Working on the MHU, it wasn’t uncommon to hear, “Shut the doors! He’s trying to elope!”. I quickly learned that eloping was just lingo for “breaking the hell out of there”. It’s like deja vu in my house these days because at least once a day I hear, “MOM! He’s out the front door!”. Little man has learned to turn a handle…and he is psychotically quick and daring.
9. Job Hazzards
I was spit on. I was verbally thrashed at least a few times a week. I even had my ass handed to me by a woman in her 70’s that thought I was trying to steal her cat. This morning I poured juice in a cup and put a lid on it. I paid dearly for it. My adorable son crossed over and turned in to a swinging, kicking, flopping, screaming, completely unstable little being. There was no warning or reason. His little brain is just wired to flip the fuck out if things don’t go his way these days and I, unfortunately, am at the brunt of it.
10. Shift Report
At the change of shift, a report was given. A summarizing of information pertaining to each patient was passed along. This now occurs for me when the hubs gets home regarding his (when they’re naughty they’re “his”) kids. While I am finishing up dinner, I’m usually reporting on crazy antics, steps forward and two steps back.
By end of the shift dinner time, I could give at least six examples why I can’t possibly show up wake up tomorrow and do it all over again. But I’m Momma, that’s what I do. Like I did when I walked the halls of the MHU, I’m constantly schooled by the very people I am there to help “get better” and am a better person for it. .
If you see a Mom disciplining her child in public, back her up by not paying attention.
Do not engage Mom or child and for the love of God please, do not gawk at the situation with disapproving eyes. If nothing else, high five Mom afterwards for not caring what you think and taking care of the situation as needed. When Moms feel less humility about disciplining her child in front of you, you will feel less aggravation with the youth of tomorrow.
Please try to say something other than, or at least in addition to, “You are so pretty” to our daughters.
Moms spend every day trying to instill that beauty is not just skin deep. Enforce that. It will work to make the next generation of women that much stronger.
Please engage Mom before her children.
It’s off putting for a stranger to start a conversation with a child without acknowledging the parent first. Please remember that young children are in the midst of being taught vital lessons on how to keep themselves safe and that includes not talking to strangers. Moms need to give her kids the impression that it is ok to converse with you. She can’t do that if you don’t look at her first.
If you are going to acknowledge one child for his adorableness, please do so for his sibling(s) as well.
It’s understood that babies and toddlers are adorable little creatures with their puffy cheeks and mischievous smiles. However, if you only point out the younger one because, “He is just so cute”, the older child sees and feels that. Please don’t make a Mom point out that there is another child standing right next to her. The older one notices and feels that too.
Offer to return her shopping cart for her.
Odds are if you don’t, it’s going to get left because Momma bears won’t stray too far in order to put it back; although, she’ll feel guilty about leaving it. Your car may thank you for it later.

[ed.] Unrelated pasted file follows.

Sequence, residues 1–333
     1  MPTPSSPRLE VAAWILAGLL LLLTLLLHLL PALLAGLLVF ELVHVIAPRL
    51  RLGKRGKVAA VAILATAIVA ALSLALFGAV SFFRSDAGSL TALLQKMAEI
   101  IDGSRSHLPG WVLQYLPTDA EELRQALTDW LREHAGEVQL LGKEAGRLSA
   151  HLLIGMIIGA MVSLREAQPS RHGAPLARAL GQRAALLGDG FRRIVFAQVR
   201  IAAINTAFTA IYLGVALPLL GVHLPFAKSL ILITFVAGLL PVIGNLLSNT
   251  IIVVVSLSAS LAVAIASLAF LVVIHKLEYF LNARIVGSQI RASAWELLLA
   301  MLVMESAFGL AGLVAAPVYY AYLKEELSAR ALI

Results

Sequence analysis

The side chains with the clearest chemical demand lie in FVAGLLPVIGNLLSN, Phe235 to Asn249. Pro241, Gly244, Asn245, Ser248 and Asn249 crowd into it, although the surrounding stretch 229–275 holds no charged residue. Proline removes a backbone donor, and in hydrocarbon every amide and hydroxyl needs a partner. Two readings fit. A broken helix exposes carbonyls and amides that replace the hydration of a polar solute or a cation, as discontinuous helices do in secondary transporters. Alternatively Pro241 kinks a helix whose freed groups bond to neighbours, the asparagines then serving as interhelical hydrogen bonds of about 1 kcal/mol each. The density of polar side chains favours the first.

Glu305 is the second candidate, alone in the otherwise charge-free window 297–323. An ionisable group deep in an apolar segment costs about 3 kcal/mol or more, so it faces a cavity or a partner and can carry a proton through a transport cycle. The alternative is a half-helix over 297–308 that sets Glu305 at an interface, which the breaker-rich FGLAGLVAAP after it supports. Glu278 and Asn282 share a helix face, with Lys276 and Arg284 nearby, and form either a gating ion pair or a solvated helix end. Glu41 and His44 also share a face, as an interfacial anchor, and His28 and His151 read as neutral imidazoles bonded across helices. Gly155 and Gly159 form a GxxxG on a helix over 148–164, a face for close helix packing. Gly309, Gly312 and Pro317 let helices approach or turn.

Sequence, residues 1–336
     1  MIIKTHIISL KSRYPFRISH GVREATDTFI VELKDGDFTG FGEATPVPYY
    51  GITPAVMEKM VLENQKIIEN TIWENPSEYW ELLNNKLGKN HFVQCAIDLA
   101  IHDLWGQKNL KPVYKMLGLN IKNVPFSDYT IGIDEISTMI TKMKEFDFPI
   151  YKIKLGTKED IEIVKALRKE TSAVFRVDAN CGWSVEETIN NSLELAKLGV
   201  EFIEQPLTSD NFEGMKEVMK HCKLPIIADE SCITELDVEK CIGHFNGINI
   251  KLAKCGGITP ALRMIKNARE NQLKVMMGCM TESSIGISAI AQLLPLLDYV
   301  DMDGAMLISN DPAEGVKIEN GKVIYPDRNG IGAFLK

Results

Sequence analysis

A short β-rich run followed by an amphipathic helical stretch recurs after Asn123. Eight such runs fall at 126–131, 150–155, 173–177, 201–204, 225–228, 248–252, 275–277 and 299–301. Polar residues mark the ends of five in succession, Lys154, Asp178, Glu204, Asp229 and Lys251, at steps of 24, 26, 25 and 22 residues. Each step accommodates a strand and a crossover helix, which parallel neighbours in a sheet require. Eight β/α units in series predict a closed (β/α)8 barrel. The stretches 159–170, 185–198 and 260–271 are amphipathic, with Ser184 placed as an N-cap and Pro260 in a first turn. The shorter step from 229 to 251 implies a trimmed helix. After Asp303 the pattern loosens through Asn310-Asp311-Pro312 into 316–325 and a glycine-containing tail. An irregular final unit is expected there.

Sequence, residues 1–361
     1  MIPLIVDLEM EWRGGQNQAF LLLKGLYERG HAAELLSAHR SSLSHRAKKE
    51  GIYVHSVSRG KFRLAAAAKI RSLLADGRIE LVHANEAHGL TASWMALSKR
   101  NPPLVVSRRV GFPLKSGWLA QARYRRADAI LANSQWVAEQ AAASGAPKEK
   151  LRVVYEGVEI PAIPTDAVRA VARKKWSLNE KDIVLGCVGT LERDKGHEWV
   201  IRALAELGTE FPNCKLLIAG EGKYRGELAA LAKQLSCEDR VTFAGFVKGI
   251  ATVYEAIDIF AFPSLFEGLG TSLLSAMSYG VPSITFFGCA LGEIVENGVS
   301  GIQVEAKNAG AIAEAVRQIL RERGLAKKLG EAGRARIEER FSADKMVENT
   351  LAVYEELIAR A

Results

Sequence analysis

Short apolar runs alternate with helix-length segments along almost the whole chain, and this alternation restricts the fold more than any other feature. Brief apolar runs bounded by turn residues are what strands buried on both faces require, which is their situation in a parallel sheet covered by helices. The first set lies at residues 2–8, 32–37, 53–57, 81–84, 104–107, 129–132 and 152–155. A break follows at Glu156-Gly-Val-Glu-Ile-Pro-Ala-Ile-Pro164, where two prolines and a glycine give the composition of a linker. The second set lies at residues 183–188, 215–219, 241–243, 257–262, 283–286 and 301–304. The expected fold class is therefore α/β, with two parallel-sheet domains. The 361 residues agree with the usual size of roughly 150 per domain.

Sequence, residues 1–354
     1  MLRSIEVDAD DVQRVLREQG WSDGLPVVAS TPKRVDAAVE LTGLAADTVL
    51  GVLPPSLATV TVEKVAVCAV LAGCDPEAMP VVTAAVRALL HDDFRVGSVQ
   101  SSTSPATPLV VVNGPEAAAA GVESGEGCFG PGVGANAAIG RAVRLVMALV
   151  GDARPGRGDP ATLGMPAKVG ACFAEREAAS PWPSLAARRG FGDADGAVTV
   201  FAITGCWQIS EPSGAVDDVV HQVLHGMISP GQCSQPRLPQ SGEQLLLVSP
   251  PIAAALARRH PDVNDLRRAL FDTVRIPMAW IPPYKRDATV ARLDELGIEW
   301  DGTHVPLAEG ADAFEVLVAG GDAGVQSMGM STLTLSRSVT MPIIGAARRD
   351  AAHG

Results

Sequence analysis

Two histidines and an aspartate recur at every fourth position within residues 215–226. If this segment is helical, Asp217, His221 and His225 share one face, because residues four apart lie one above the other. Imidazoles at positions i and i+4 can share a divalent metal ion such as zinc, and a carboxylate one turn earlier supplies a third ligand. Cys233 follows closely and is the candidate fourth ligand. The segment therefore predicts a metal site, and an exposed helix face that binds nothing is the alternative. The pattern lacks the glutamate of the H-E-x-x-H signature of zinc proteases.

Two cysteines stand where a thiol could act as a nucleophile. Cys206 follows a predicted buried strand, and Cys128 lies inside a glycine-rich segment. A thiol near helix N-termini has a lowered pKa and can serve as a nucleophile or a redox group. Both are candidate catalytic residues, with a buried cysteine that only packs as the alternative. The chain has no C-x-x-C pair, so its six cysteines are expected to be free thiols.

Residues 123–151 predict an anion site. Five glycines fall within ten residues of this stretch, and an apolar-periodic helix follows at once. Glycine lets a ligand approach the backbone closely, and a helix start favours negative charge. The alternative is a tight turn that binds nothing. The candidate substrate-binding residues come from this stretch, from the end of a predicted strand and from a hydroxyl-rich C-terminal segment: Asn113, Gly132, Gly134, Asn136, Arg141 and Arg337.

Open or hold the door for her!
This will serve your conscious well; as well as, your karma. Ignoring a Mom with kids in tow (or anyone for that matter) and letting the door close behind you because you don’t want to wait two seconds is going to piss the universe off. You’ll get yours and when you do, just remember that time you forgot to use your manners.
If you currently have children, or remember what it is like to raise them, give a Mom that knowing smile.
An understanding, “I totally get it” or “I’ve been there” smile is worth a thousand compliments. Confirmations from other club members are priceless.
** Have any you would like to add?? Please do share! **
I’d dare say there is a significant amount of danger upon entering my house these days. Those without children should probably just stay away . Actually, four out of five doctors and therapist would probably recommend avoiding visiting my house at all.
Once in a while, I actually get visitors. I have come to realize, disclaimers are necessary before making oneself comfortable though. Let me give you the run down on things any guest should be aware of before visiting.
If you don’t break an ankle slipping on one of the invisible-in-plain-sight Legos or matchbox cars on the floor, you are at least certain to stub a toe on the gaps between the pergo flooring in the living room. Prepare for it. My kids astounding ability to overload your senses is so perfected, even the wooden floor is cracking up.
I’d recommend standing over sitting. Apparently, adults sitting down start to resemble a jungle gym the longer they sit. You will be pounced on without notice. You’ve been warned. Pouncing has led to busted lips, black eyes and knees to the gut in this house.
You can hang your self esteem by the door. I have a four yr old and those crazy bastards invented the “no filter” hoopla, so it won’t do you much good here. If something about your appearance is “off” today, she is sure to let you know about it.
I always have extra bold roast coffee brewed. I want all guests to be on the up and up so you don’t miss the fire poker coming at you with the force of a crazy 18mth old behind it. I can offer you a helmet in order to help ward off concussions. It’s not required to wear them but highly recommended. The little guy often shows affection by pimp slapping you with whatever is in his hand at the moment. I have junk cups for the guys. Momma’s sweet boy stands about crotch high now and has a right hook that will leave the boys crying.